In a broader context, the Canary Islands must make a more integrated effort to ensure that the commitment to innovation, internationalisation and attracting investment are perfectly coordinated strategies. This is the recommendation of the Task Force Seizing New Growth Opportunities: Canaries / Israel Innovation Partnership, coordinated by EMERGE in collaboration with the Government of the Canary Islands and the Embassy of Israel in Spain. The Canary Islands Agency for Research, Innovation and Information Society of the Canary Islands Government must lead and supervise the execution of an action that contemplates that domestic economy and our international economic relations are connected, being essential an economic policy that responds to the accelerating convergence between physical and digital economy. Beyond the tax benefits and incentives, which are necessary but not sufficient, we need to design an ambitious strategy to occupy central positions in global networks of entrepreneurship, innovation, science and technology, without undermining the resources to which we have access as an Outermost Region of the European Union. The Government of the Canary Islands must have flagship programmes with excellence and cross-cutting criteria to promote entrepreneurship, science and innovation, in its broadest sense, that can join international alliances and become a reference at regional and international level. A good example of this is the Africa-Canaries Challenge launched by the Canary Islands Government’s General Directorate for Economic Affairs with Africa to support social innovation in African countries, the first of its kind in our archipelago to create bidirectional links with African talent and whose projection is key to positioning ourselves in this type of network. It is crucial to strengthen and guarantee the continuity of this type of initiatives.
Over the last two years, ACIISI has done a positive job in listening and addressing the interests and priorities of all public and private parties in the entrepreneurship and innovation ecosystem. This sensitivity is generating confidence and allowing progress to be made towards a more consistent, self-critical and ambitious analysis. As a result, the public and private sectors are talking more than ever and through different channels and initiatives about how to put R&D&I into the core of the strategy. A commitment by all parties involved in the entrepreneurship and innovation ecosystem to take a step forward in their level of self-demand and excellence is key. It will also be important for the largest companies in the archipelago to continue to take risks, invest and place even more trust in local innovative talent. Within the framework of European aid, the establishment of public-private partnerships to resolve the complex challenges that exist in the islands could be a good strategy. The Canary Islands have an abundance of good problems: urgent ones, which need a viable short and medium-term solution. It can be helpful the launching of a challenge-fund to identify pre-competitive areas where academia, industry and government research and technology labs could work together. A review of the new UK’s Advanced Research and Invention Agency (ARIA) could offer some interesting insights. Plus, along with this, the renewal of people, ideas, projects and objectives is also a necessity, because the level of qualification and motivation is different now than it was a decade ago. The CIDE network, an initiative of the Regional Ministry of Economy, Knowledge and Employment of the Government of the Canary Islands, promoted through the Canary Islands Agency for Research, Innovation and Information Society (ACIISI), and co-financed by the European Regional Development Fund, with a co-financing rate of 85% in the framework of the Canary Islands ERDF Operational Programme 2014-2020, of which EMERGE has been a member since 2020, is also expanding its scope this year with the addition of new entities to improve the impact of its results with the aim of having a more innovative private sector. In short, only by adding up and improving can we advance towards the vision of, more just, inclusive, developed and competitive region capable of generating prosperity.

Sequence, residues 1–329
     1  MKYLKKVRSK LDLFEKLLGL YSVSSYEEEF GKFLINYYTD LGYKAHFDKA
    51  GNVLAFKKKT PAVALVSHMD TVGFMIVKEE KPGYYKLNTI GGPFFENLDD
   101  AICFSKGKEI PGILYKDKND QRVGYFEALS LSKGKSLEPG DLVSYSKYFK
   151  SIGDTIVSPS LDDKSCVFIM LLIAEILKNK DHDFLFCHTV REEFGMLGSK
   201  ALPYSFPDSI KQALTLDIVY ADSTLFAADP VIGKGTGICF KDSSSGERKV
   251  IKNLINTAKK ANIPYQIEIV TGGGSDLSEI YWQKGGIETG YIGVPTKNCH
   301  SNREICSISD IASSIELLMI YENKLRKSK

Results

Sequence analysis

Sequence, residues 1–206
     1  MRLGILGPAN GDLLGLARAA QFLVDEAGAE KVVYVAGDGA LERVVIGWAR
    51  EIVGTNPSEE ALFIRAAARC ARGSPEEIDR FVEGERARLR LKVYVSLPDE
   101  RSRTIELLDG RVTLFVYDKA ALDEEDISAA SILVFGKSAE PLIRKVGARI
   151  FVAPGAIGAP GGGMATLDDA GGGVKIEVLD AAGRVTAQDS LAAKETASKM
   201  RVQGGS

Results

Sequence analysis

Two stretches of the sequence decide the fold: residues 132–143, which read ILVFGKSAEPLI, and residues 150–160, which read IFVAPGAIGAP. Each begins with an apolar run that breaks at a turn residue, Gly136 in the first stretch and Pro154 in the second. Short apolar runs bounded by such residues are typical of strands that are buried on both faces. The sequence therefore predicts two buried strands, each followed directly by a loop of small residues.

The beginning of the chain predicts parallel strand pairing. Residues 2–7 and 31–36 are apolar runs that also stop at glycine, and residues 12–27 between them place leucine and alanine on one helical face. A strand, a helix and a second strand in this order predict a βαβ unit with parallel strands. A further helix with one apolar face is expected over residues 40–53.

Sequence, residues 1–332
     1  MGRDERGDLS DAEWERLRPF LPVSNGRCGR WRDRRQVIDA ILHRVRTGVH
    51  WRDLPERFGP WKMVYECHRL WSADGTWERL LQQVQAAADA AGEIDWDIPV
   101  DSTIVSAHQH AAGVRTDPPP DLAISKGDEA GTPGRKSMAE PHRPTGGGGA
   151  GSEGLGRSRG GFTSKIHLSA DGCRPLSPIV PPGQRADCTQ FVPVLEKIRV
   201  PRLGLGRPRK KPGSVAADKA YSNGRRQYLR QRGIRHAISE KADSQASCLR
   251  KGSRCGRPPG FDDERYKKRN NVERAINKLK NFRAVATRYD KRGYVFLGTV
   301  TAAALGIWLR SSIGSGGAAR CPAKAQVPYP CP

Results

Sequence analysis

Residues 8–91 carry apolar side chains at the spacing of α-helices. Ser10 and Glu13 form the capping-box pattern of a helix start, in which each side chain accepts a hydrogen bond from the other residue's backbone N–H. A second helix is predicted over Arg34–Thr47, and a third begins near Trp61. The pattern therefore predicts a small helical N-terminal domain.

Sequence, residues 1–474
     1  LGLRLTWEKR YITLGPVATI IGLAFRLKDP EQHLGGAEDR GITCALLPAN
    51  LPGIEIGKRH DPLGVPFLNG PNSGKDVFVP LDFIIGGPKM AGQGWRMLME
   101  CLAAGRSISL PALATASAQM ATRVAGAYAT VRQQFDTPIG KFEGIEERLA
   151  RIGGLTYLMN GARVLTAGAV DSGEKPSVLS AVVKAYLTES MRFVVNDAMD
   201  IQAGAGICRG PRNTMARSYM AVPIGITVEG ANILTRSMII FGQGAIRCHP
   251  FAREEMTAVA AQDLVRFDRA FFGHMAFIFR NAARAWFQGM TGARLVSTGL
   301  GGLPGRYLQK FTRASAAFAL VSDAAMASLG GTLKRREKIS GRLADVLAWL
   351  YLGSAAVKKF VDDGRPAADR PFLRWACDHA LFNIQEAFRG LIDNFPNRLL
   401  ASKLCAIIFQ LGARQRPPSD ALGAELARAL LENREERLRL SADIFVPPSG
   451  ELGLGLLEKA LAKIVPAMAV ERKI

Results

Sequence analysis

Throughout this process, EMERGE will continue to rely on the knowledge and entrepreneurial drive that exists in the Canary Islands. In a world of rapid and permanent change, and thanks to access to the Internet, there is the possibility of depending on ourselves to make progress and correctly orientate the direction of our economic growth and make it more resilient. But if we do not want to fall behind the most developed Spanish and European regions, we need to move faster, be braver and take up the challenge regardless of all its consequences. The reconstruction of La Palma is a major opportunity to demonstrate this will.
(*) Moisés D. Santana is Managing Director at EMERGE
Traducción en español disponible en: https://asociacionemerge.com/hacia-una-nueva-direccion-del-crecimiento-economico-de-canarias/